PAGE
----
Monday, 9 November 2015
My Future Adventures and Untimely Death in The Past
My dear readers, I’m afraid that I have an extremely sad announcement to make. To my shock and sorrow, it has been brought to my attention that I died in 1972. This tragic revelation came as a considerable surprise to me, since I’d always been led to believe that I wasn’t born until the 1980s. However, I’m afraid that the facts are quite incontrovertible.
No lesser authority than Google itself has proclaimed this to be the case, and if we once start questioning the accuracy of Google, our entire civilisation will come crashing down about our ears. Please see the screenshot below from Google Books:
The information is there, in plain black and white (and blue, for the links). It opens up a whole slew of fascinating questions. The only logical explanation, of course, is that at some point in the future, I travel, or am sent, back in time and am forced to make a new life for myself in the twentieth century. We are able to glean a little from the bare facts presented. My assumed birth date is in 1910, but there is no indication of my age when I arrive in the past. It must be before 1952, since that is the point at which I take up my appointment at Aberystwyth, so I obviously go back in time before the age of 42. I have less than 10 years before my journey through time!
But why do I go, and why is it that I didn’t, or couldn’t, return? Was it an accident? Did something go wrong to prevent me coming back, or did I go in the knowledge that it would be a one-way trip? If so, what a noble sacrifice! I am moved by my own courage. Or perhaps I was fleeing something, and the past was the only place I could take refuge? How terrifying!
How, once I’m there, do I avoid creating space-time damaging paradoxes? Does my marital status change if my wife hasn’t been born? Till death us do part and all that, but what if she isn’t alive yet, especially seeing as I’ll die before she’s even conceived? Enquiring minds (and census forms) need to know!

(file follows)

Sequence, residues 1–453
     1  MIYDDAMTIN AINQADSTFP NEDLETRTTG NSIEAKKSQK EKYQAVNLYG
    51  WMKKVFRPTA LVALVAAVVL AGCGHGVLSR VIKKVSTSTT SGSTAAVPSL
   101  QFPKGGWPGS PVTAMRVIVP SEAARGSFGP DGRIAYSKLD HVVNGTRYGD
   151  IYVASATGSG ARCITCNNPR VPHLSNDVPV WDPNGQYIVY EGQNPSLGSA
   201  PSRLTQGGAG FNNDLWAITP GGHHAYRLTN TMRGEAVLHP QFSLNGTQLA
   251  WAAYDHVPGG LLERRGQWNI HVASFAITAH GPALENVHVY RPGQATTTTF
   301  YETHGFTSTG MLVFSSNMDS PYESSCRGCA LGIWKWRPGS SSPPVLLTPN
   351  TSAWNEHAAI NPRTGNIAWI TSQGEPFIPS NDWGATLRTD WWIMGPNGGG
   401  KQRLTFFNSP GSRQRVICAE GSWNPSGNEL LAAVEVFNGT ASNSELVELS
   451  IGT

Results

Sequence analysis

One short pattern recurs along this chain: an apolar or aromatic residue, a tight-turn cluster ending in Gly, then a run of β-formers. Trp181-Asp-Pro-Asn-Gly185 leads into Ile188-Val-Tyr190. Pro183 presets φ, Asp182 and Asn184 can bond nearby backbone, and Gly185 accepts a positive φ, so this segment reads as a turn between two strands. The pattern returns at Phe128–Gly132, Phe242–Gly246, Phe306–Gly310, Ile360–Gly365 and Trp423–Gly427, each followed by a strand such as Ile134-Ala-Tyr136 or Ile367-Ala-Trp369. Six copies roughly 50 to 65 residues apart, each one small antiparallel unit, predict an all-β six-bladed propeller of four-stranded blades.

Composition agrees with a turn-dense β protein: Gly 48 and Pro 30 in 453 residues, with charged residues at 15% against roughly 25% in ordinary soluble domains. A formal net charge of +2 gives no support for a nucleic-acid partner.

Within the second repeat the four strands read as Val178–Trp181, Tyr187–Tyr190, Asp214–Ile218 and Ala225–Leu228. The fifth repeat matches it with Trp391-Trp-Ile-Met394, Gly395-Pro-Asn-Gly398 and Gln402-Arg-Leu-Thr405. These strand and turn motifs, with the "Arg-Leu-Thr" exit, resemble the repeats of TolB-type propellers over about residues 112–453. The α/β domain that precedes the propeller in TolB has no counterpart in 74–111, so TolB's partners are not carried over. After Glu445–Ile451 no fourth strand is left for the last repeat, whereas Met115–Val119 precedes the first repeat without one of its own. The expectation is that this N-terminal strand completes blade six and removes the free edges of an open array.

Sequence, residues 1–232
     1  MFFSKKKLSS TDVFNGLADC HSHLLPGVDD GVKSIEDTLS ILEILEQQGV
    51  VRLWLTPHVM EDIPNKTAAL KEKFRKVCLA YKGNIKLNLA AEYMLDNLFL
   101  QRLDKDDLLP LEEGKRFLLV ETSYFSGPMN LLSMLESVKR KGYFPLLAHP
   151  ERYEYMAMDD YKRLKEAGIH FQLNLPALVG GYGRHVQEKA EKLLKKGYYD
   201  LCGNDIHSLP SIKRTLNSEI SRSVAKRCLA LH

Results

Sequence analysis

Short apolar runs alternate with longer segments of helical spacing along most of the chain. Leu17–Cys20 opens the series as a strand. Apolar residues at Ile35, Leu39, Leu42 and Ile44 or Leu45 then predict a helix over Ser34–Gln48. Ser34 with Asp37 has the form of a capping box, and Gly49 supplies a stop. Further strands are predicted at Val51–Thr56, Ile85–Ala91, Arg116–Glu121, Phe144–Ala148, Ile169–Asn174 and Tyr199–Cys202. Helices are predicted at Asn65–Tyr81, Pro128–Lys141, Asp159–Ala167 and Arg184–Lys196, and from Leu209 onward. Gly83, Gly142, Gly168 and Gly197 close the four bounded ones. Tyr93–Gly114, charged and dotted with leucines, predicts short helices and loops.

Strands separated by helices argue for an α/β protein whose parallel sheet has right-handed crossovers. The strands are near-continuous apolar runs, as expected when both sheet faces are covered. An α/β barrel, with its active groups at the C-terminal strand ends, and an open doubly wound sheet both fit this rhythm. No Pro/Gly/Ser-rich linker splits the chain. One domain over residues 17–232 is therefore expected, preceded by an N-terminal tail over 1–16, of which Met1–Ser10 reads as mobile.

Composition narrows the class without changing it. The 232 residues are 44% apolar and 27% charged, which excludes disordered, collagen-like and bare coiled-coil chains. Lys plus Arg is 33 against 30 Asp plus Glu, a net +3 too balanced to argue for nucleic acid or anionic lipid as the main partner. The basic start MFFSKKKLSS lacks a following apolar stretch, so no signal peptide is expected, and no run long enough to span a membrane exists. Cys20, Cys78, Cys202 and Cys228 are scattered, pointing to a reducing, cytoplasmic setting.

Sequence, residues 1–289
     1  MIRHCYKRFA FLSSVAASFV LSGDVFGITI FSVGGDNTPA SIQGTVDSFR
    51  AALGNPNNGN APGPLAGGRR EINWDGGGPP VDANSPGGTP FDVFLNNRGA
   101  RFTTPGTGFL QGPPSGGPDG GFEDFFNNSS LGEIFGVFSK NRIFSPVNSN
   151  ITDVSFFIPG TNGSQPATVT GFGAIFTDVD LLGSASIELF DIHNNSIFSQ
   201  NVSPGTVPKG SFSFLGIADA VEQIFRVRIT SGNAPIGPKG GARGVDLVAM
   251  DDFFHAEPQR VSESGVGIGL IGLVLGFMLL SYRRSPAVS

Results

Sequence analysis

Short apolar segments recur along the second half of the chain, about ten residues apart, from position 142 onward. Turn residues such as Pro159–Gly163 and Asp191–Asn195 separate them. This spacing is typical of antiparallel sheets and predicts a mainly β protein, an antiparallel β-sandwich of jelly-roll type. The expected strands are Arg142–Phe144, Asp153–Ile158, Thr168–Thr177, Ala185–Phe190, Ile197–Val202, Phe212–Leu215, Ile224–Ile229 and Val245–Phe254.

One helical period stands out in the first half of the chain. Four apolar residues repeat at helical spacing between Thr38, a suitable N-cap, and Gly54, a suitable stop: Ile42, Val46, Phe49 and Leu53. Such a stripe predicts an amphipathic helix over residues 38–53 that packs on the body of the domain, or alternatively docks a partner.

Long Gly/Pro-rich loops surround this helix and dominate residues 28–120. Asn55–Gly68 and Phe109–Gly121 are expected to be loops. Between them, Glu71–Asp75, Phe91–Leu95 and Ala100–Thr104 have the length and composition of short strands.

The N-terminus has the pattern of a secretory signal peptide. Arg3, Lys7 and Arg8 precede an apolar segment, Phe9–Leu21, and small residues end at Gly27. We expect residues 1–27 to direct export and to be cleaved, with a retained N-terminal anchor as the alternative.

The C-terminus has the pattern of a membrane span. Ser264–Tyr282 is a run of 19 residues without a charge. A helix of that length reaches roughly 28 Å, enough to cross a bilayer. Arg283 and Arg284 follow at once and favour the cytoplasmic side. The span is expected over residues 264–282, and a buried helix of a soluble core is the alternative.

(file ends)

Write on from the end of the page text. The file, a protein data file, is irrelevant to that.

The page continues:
The most important question of course, the one to baffle the minds of physicists, philosophers and historians for years to come (possibly in the past), is how on earth, in the next ten years or less, I manage to learn Welsh! What if I don’t learn Welsh, even if I know that in the past, I have already learnt it in the future? Will that create a paradox itself? Am I honour-bound to learn Welsh to stave off a universe-breaking space-time paradox?
Just so that no stone is unturned in our intellectual quest, we must also consider lesser possibilities. It is conceivable that someone has entered the wrong information on Google, and got me confused with some other Thomas Jones, one who can (or rather could) speak Welsh. In that highly unlikely situation, should I possibly contact them to point out their error, or leave it, in the hope that the late Professor Jones’s reputation will have a favourable effect on my book sales? Is the reputation of the Professor of Welsh at Aberystwyth (1952-70) likely to have any beneficial effect at all, or might it even be harmful, despite the fact that he was a distinguished scholar? Is it entirely moral to use Professor Jones’s name in vain in this way, even if it happens to be my own?
Knotty problems indeed my friends. Knotty problems. All we can do is wait and see. Now, where’s that Welsh phrasebook…